6 June More on genetics RCT with plasma and HCQ and neurological complications

Sat, 06/06/2020 - 21:04

Dear colleagues,

  1. News on potential genetic determinants of severe disease : comparing COVD patients with respiratory failure with  the general population in a genome-wide association study in Italy and Spain, pointed to polymorphism in gene clusters in particular regions of chromosome 3 and 9:
  • The cluster on chr3 includes Sodium/Imino-acid (proline) Transporter 1 (SIT1) that functionally interacts with ACE-2, the SARS-CoV-2 receptor, but also chemokine receptors CCR9 and CXCR6 (regulating T cell pulmonary movement .
  • The cluster on chr9 relates to ABO blood groups, with a clear exacerbating effect of group A (OR = 1.45) and protective effect of group O (OR = 0.65), confirming earlier observations.  There are also possible links with interleukin-6 and the coagulation system (referring to the “cytokine storm” and the coagulopathy).

(Paper published in medRxiv = non-peer reviewed)


  1. First RCT with convalescent plasma in 103 patients in Wuhan: some improvement in severely ill, but not in critically ill subjects. May seem disappointing, but as the comment point out: plasma therapy should preferentially be given at early stage: when there is not too much virus and the secondary immune pathology is not yet present, because later on, it is too late for effect.  Clearly, we need more data.

(In JAMA: full paper not available to me, but Comment is complete)


  1. The never ending chloroquine story:

3.1.  The Mehra paper in Lancet (showing very serious arrythmias and increased mortality of CQ and HCQ) has been retracted, because the data were not correct. See comments https://gellerreport.com/2020/06/lancet-debunked.html/ .  In addition Mehra et al had to retract an earlier paper in NEJM on cardiovascular disease, drug therapy and mortality.  Really very bad for a “top researcher”: publish 2 major studies during the same month in NEJM and Lancet and then be forced to retract them because of “major misconduct”!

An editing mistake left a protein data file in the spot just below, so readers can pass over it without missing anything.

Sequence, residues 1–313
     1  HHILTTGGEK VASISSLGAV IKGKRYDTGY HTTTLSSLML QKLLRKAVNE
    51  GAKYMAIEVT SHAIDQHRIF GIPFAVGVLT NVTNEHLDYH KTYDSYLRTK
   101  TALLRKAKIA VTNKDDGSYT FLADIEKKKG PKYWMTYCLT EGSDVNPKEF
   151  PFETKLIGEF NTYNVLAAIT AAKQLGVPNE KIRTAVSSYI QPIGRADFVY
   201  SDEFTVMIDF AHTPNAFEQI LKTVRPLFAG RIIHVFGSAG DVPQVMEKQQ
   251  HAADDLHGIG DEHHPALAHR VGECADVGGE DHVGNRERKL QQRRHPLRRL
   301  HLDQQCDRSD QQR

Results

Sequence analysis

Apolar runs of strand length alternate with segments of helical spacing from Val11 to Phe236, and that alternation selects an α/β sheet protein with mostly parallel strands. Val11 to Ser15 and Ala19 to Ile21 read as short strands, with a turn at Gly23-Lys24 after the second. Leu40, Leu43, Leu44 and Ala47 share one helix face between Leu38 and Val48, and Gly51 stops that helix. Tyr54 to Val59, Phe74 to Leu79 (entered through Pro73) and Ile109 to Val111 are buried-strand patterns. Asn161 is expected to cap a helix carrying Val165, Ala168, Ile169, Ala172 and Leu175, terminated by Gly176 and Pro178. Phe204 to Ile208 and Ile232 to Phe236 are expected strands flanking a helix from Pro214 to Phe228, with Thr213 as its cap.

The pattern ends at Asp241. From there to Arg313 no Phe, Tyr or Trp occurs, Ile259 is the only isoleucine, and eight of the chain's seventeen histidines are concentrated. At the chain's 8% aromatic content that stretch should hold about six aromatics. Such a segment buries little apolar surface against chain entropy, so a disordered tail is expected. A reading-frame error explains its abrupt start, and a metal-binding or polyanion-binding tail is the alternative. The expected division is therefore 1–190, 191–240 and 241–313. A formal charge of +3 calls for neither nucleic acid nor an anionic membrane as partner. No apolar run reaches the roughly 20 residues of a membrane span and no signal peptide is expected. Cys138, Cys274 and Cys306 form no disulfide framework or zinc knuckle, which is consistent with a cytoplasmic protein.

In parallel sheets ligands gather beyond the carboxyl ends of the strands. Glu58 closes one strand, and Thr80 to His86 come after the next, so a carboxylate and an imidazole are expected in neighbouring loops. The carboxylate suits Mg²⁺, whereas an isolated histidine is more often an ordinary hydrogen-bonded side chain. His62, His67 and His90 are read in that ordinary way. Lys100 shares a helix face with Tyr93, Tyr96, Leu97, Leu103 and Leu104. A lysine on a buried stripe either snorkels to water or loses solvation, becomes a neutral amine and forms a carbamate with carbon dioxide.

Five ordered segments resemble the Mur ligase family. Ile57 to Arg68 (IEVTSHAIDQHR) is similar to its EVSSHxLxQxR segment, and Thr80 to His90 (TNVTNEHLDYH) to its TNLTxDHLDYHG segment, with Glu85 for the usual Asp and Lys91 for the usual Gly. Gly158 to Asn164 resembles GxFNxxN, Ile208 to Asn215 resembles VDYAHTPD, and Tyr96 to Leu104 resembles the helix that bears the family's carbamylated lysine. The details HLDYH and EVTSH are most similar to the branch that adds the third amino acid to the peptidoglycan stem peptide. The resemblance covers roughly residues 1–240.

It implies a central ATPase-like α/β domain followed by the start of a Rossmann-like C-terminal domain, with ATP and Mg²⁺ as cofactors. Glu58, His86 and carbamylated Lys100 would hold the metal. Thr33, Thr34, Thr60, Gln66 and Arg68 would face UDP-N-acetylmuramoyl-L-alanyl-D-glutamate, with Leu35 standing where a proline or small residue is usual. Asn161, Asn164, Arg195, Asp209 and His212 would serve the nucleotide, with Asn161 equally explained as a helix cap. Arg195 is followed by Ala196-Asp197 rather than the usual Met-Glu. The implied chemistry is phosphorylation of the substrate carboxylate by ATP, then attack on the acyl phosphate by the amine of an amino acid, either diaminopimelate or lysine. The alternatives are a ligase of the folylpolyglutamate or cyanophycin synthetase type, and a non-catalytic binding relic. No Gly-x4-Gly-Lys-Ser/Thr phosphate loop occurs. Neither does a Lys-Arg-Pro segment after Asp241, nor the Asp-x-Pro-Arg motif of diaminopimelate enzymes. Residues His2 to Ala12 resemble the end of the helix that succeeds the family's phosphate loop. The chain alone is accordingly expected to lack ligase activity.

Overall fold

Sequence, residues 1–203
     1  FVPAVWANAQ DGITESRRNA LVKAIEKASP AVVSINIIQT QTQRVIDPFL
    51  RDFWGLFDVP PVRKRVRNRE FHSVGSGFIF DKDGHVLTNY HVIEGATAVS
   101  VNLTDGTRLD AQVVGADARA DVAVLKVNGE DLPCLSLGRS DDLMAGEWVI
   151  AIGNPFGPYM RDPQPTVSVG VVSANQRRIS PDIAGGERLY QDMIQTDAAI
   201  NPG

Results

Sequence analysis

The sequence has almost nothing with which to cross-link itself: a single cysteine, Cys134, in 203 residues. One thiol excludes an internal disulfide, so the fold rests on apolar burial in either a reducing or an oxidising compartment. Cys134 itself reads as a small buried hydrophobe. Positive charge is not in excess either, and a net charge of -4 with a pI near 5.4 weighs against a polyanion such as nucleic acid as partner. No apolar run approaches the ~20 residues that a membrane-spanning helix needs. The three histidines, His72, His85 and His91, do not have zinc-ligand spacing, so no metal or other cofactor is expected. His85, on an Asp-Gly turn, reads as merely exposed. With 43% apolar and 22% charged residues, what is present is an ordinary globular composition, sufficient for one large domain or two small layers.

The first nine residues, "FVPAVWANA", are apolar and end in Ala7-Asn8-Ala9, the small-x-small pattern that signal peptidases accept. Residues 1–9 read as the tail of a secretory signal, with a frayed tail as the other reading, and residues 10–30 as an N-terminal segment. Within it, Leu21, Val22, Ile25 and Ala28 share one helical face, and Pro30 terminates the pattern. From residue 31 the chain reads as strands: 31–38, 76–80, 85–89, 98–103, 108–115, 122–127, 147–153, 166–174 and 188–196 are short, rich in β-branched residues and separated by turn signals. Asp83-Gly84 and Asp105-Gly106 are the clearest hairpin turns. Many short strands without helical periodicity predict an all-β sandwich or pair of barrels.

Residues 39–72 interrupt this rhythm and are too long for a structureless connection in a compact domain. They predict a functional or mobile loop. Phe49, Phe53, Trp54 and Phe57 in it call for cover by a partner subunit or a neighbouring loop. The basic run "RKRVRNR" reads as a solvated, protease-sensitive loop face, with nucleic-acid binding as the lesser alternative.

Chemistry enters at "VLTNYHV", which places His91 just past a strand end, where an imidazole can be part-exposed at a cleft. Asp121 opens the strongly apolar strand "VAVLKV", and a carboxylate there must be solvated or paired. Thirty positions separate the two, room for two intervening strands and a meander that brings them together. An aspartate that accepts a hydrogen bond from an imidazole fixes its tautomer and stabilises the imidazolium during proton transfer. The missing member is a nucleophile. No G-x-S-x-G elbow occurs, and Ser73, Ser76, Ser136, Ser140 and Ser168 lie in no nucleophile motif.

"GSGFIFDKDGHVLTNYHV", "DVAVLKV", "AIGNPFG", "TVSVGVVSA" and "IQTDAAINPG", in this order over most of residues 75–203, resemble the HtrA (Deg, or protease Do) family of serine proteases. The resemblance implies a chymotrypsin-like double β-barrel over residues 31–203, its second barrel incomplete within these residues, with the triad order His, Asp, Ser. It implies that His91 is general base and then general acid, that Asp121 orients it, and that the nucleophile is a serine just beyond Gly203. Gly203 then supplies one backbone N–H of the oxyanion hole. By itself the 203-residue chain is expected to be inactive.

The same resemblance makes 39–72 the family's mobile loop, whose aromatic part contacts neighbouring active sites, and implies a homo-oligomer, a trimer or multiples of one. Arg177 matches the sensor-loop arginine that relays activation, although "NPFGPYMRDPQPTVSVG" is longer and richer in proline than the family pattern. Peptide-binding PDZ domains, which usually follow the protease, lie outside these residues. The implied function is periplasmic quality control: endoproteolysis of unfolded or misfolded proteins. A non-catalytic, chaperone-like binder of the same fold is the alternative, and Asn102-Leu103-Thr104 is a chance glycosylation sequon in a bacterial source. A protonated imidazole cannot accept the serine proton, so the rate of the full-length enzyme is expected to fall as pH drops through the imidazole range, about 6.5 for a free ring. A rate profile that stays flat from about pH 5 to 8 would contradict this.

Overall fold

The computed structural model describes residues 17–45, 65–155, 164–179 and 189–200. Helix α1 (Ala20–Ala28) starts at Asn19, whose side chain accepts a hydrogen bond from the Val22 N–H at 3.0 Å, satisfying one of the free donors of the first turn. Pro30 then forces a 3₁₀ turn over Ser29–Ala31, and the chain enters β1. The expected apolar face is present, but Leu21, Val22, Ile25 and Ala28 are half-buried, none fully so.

3.2. RCT of post-exposure  prophylaxis with HCQ in over 700 subjects with high risk for infection showed no protection against confirmed SARS-CoV-2 or suspected symptoms (NEJM paper see Table 2 p. 6).   

3.3. Also bad news from therapeutic front: HCQ was … tested in the Recovery trial, run across 176 NHS hospitals and led by scientists at Oxford University.  Some 25.7 per cent of patients on the drug died within 28 days, compared to 23.5 per cent of those receiving the usual care. The trial was stopped by DSMB.  

Peter Horby from Oxford: "Although it is disappointing that this treatment has been shown to be ineffective it does allow us to focus care and research on more promising drugs.”

These quotes are NOT from a scientific paper, but from ‘”The Telegraph” 5 June.  See https://news.yahoo.com/researchers-halt-trial-hydroxychloroquine-found-153441151.html


  1. Neurological complication: I gathered 3 recent reviews. Clearly, neurological complications are probably quite common: , dizziness, fatigue can be signs of neurological pathology, including meningo-encephalopathy, myalgia.  Cerebro-vascular accidents also occur (ischemic, hemorrhagic..) also seizures and Guillain-Barré have been described.  All of these complication occur in rather serious cases, sometimes in rather young patients. Anosmia/ageusia  occurs often in mild cases and can be the only symptom of COVID.

At the other end of the spectrum is invasion of cardio-respiratory center that may result in fatal respiratory failure


A nice overview is Table 1 p. 293 in Munhoz paper.


Obviously, cerebro-vascular history, metabolic and heart diseases are also risk factors and that type of  patients could present those complications during any serious disease ( thus not necessarily typical for COVID).  Nevertheless, it is possible that SARS-CoV-2 enters the CNS via the lamina cribriforma (upper nose) to produce the anosmia/aguesie, but the virus could also infect endothelial cells and thus breach the blood-brain barrier or via synaptic transfer.       


There  is still a lot to learn about COVID….